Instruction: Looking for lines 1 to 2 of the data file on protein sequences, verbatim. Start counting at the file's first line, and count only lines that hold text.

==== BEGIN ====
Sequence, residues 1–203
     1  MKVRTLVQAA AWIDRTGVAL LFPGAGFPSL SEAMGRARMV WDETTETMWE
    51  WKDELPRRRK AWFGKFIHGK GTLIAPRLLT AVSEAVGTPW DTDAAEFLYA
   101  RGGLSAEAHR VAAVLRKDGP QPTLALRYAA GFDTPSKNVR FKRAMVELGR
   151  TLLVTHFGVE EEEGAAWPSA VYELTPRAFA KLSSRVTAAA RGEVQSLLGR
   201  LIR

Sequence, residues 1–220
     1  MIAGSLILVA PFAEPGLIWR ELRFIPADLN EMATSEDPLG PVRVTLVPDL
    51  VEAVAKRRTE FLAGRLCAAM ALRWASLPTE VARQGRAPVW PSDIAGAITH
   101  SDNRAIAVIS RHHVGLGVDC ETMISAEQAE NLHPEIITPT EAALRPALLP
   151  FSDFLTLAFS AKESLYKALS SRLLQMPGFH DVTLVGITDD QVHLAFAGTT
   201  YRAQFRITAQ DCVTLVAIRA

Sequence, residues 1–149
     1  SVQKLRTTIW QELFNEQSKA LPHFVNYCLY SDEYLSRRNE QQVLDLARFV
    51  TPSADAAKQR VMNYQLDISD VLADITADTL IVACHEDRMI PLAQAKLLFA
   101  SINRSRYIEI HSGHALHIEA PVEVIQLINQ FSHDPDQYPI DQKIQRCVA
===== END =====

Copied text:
Sequence, residues 1–203
     1  MKVRTLVQAA AWIDRTGVAL LFPGAGFPSL SEAMGRARMV WDETTETMWE